Walk Down Misery Street


In substance abuse clinics, passions are boiling over. Women who have experienced debauchery, arrests, and violence flourish in drug clinics. Men compete for them and chase after them. Although we clinicians call on the patients to be celibate and refrain from intimate relations, romantic liaisons arise ceaselessly. In the soil of jealousy, conflicts thrive, threatening to escalate into battles—as in a tournament between knights from days of old.

Furious wives show up saying that they worked so hard to drag their husbands to the clinic to be treated, and then the bastard took on a mistress there.

Husbands wait in their cars not far from the clinic, watching so that their wives don’t get too involved, don’t forget they have a family, and after the therapy go straight home.

Sometimes this leads both to divorce and wife beating. Female drug users are often beaten. Their husbands, boyfriends, or simply other junkies beat them.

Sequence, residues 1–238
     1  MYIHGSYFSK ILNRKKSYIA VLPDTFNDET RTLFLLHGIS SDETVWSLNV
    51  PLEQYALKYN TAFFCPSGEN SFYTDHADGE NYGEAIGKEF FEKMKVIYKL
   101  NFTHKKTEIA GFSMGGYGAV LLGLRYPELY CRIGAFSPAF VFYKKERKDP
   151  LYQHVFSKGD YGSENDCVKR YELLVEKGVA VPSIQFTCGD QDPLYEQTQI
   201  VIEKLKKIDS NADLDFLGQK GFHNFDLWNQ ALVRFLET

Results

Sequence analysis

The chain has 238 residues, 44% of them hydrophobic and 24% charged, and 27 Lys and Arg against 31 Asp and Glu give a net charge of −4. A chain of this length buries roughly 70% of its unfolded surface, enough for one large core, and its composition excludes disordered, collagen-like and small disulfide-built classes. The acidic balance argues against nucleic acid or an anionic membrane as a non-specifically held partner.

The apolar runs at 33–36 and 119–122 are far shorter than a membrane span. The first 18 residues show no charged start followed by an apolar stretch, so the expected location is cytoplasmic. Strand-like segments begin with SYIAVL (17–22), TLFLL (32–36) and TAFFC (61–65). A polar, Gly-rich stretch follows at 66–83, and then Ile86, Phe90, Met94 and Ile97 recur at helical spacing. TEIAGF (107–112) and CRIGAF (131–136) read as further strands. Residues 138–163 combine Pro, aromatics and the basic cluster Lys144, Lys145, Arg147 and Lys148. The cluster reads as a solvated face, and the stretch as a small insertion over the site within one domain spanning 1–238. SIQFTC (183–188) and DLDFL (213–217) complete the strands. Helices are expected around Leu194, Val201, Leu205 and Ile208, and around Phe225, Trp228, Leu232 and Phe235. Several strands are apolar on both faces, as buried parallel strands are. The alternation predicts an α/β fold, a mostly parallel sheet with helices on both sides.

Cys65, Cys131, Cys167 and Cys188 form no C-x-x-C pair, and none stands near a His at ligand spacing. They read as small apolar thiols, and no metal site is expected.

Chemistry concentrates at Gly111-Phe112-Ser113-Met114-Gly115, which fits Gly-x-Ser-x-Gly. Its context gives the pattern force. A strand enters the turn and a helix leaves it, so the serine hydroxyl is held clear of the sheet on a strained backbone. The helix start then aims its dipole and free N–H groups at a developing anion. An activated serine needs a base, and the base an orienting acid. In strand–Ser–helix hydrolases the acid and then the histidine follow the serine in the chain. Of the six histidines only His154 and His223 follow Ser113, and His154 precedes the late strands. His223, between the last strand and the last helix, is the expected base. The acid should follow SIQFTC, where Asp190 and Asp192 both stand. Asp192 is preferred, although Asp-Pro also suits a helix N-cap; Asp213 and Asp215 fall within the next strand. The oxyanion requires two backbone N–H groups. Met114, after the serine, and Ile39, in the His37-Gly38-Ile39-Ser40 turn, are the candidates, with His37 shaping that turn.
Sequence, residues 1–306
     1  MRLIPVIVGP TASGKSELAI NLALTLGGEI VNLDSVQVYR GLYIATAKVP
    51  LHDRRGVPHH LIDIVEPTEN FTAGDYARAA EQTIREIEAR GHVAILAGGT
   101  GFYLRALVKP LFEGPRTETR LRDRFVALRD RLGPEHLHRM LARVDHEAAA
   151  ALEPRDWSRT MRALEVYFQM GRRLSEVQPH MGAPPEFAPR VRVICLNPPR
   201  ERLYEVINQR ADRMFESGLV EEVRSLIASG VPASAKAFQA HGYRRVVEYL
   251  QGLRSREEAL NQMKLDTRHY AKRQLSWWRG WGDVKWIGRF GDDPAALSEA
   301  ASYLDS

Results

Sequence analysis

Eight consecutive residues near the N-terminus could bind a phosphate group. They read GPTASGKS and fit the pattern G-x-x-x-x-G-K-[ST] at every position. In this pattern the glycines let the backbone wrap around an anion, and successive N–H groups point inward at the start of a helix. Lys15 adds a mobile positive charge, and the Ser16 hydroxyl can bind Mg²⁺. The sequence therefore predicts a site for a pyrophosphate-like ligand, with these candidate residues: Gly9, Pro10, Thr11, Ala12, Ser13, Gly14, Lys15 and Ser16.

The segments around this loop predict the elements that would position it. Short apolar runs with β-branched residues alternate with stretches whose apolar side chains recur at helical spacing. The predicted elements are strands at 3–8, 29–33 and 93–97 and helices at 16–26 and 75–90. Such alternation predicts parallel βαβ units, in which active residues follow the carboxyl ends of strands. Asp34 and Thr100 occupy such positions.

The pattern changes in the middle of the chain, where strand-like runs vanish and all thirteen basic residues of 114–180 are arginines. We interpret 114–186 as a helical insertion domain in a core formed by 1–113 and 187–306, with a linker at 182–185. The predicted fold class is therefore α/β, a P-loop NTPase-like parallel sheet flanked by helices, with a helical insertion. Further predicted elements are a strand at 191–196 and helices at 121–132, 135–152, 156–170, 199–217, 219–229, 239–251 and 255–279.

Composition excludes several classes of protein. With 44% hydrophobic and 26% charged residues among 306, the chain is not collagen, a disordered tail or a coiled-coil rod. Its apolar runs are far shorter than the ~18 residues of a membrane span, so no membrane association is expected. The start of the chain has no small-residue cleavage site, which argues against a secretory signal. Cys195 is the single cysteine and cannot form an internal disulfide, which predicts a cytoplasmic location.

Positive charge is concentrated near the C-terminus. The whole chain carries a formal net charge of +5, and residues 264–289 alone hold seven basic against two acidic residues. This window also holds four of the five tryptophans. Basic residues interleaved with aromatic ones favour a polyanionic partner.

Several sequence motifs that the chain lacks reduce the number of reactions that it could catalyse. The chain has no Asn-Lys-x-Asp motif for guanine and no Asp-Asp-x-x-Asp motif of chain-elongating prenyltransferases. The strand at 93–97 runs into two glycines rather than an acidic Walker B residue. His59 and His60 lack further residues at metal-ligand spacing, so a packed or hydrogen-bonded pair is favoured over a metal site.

I once brought a patient named William to the restroom. We walked to the bathroom together, chatting along the way. I gave him the plastic cup.

My hand freezes above this white sheet of paper. I question if it is necessary to talk about this. The theme isn’t exactly literary. What should I do?

The poets and writers in the XIX century had it easy when the subjects of their poems and novels were forests, orchards, and flocks of cranes above the lovely meadows. Roses, nightingales. Poetry sang out, touching the hearts of readers and making them cry tears of delight for the beauty of life.